22 Jaap Velthuis (University of Bristol)22 Example: NA60 type inversion After type inversion Vdep increases with dose smaller radii Lowering Vbias leaves larger area undepleted –Depletion from backside layer almost dead

23 Jaap Velthuis (University of Bristol)23 Example: NA60 type inversion After type inversion Vdep increases with dose smaller radii Lowering Vbias leaves larger area undepleted –Depletion from backside layer almost dead

24 Jaap Velthuis (University of Bristol)24 Thermal runaway Problem with donor removal: –Need higher voltages to deplete detector –Higher voltage higher leakage current –Higher leakage current more power dissipated in detector –More power heating –heating more leakage current Solution: cool detectors –ATLAS will operate at –7 o C

25 Jaap Velthuis (University of Bristol)25 Solutions radiation damage Start with n + strips in n-type detector –After inversion substrate p type depletion now from strip side (LHC-b) –Build p-type detectors with n-strips Different crystal orientation –Less dangling bonds at Si-SiO 2 interface Material Engineering Operate very cold Use different material (e.g. CVD diamond) 3D-structures

26 Jaap Velthuis (University of Bristol)26 N + -on-n detectors Standard: p-strips on n-bulk Problem: n-bulk becomes p-type –pn-junction moves from strip-bulk to bias contact-bulk interface –Only good spatial resolution when fully depleted Solution: make n + -strips in n-bulk –After radiation: n + -strips and p-bulk –Disadvantages: strips not well isolated before radiation. Need p-strips (or spray) between n- strips. Need guard rings at bottom (expensive) n + -strips N-type bulk becomes p-type After radiation n + bias contact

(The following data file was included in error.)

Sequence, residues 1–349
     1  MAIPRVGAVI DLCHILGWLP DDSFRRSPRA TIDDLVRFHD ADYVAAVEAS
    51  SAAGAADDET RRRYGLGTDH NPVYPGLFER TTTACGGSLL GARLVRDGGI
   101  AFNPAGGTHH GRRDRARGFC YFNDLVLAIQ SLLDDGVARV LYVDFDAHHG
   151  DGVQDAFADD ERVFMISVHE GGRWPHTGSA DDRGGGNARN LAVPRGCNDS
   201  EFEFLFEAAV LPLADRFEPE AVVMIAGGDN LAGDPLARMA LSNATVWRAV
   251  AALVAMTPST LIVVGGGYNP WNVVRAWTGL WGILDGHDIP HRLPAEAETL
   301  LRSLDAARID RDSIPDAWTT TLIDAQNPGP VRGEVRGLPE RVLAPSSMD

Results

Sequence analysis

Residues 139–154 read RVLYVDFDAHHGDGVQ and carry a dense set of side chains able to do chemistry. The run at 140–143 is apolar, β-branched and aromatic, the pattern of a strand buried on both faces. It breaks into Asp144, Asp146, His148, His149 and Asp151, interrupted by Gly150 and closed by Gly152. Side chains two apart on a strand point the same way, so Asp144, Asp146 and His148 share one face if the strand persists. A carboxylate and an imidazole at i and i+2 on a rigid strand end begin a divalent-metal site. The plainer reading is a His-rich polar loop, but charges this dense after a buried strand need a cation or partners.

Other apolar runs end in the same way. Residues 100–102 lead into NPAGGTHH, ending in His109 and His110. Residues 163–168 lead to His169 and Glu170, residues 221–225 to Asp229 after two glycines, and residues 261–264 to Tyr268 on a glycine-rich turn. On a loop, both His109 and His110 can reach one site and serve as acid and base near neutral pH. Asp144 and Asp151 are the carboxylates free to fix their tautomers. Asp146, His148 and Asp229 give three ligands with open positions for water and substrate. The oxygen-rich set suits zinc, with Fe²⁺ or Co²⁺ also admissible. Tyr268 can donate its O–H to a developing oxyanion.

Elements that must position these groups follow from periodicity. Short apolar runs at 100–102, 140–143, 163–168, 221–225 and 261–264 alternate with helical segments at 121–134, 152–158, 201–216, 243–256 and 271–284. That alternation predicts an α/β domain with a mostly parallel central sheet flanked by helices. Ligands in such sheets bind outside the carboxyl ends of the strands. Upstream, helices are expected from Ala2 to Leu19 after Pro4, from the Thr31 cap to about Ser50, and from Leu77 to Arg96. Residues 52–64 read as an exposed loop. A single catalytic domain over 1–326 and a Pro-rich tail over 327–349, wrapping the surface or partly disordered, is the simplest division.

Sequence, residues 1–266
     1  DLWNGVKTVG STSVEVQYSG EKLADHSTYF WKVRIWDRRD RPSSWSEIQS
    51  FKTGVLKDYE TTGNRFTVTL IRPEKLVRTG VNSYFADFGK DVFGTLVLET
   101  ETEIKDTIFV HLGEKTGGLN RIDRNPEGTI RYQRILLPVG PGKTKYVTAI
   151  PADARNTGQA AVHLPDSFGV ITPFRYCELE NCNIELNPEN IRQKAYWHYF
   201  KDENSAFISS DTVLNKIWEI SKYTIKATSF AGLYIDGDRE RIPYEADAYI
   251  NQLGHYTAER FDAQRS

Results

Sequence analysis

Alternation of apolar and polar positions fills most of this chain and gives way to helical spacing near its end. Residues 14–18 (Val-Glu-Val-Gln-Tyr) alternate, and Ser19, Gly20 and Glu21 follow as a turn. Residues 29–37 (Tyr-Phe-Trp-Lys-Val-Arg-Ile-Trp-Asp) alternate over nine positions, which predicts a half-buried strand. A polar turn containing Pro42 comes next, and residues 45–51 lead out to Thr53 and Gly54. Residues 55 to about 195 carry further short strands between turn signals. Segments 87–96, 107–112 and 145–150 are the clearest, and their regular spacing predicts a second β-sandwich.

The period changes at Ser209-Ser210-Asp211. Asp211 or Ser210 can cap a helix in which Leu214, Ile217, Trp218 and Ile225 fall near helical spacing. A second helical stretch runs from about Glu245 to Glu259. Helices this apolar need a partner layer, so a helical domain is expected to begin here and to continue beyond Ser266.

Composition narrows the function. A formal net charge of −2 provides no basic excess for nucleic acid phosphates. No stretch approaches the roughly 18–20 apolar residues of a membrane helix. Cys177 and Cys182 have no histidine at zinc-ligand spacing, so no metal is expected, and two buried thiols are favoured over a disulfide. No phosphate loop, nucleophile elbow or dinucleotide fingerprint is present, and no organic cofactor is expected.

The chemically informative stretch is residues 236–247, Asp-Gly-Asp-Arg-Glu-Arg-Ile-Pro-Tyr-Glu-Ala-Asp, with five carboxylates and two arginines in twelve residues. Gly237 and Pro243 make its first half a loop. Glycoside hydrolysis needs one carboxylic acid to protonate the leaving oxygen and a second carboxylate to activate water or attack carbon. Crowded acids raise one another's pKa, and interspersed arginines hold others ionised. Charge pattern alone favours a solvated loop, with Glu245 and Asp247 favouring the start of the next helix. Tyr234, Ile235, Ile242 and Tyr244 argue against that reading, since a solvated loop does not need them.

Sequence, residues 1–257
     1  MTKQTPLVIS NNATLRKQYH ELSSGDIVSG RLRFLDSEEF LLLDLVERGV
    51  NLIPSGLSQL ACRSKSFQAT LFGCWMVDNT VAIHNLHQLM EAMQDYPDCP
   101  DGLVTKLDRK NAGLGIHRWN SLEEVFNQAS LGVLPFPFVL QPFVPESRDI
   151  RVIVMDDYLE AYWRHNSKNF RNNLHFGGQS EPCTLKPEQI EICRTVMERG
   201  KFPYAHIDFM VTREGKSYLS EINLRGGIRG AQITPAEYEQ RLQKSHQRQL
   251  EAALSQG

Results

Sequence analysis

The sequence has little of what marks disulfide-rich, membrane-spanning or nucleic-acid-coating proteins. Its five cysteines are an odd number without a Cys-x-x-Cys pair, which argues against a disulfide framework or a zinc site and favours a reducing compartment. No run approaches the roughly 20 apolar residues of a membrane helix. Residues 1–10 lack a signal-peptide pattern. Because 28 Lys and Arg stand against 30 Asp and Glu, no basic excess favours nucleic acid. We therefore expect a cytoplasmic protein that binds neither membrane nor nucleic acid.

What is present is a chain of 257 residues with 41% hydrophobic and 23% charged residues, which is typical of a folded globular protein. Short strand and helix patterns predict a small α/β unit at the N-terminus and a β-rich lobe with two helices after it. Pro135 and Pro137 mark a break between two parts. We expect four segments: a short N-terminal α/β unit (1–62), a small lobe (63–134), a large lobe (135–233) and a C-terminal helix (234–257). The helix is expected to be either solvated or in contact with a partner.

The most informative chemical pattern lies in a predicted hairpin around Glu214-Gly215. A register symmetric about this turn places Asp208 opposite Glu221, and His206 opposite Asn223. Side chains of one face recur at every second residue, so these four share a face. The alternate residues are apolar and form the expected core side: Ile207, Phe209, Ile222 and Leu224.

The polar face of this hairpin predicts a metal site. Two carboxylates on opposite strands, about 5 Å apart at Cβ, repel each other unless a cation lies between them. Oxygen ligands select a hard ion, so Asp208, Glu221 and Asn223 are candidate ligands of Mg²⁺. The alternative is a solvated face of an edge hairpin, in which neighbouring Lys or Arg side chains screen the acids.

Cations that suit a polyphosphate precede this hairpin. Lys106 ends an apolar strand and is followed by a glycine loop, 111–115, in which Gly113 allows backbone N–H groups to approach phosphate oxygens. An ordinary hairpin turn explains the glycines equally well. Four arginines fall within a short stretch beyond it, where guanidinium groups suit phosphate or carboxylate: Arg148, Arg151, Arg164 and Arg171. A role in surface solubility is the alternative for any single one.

27 Jaap Velthuis (University of Bristol)27 P-type detectors P-type bulk with n-type strips –Collect electrons instead of holes Electron mobility ~3> hole mobility less trapping –Depletion starts from strip side Even at partial depletion good spatial resolution –No need for guard rings on backside cheaper than n + -on-n 1E15cm -2 10 years Dose for ATLAS strips

28 Jaap Velthuis (University of Bristol)28 Material engineering Diffusing oxygen suppresses V 2 O formation –V + O VO –V + VO V 2 O –V 2 O reverse annealing Still alchemy…

29 Jaap Velthuis (University of Bristol)29 Lazarus Effect Remember: Radiation induces (more) traps. Capture and emission very temperature dependent. Cooling makes sure traps stay filled no trapping Can actually operate forward biased Downside: need to keep detector in cryostat

30 Jaap Velthuis (University of Bristol)30 CVD Diamond Remember: Limit background charge by using large bandgap material –Si: E G =1.12 eV 1.5E10 free carriers/cm 3 –Diamond: E G =5.47 eV 6E-28 free carriers/cm 3 no need for pn-junction –Diamond lattice very strong very radiation hard Note: large E G only few eh pairs produced (3600 vs 8900 per 100 m), but also lower noise

31 Jaap Velthuis (University of Bristol)31 Diamond growth Trap- and recombination centers limit charge collection Trapped charge at grain boundaries builds up a polarization field superimposed on the biasing field Substrate and growth side must be ground and polished for good quality

32 Jaap Velthuis (University of Bristol)32 ATLAS CVD diamond pixel module Sensor: –Active area: 61x16.5mm 2 –Thickness 800µm –Pixel size 400(600)x50µm 2 –46k pixels ATLAS frontend chip FE-I3 –0.25µm IBM –Radiation tolerant >50MRad –Designed for Si sensors –Binary/low res. analog readout Noise same as bare FE-chip –Noise 137e - –Threshold 1454e - –Threshold spread 25e -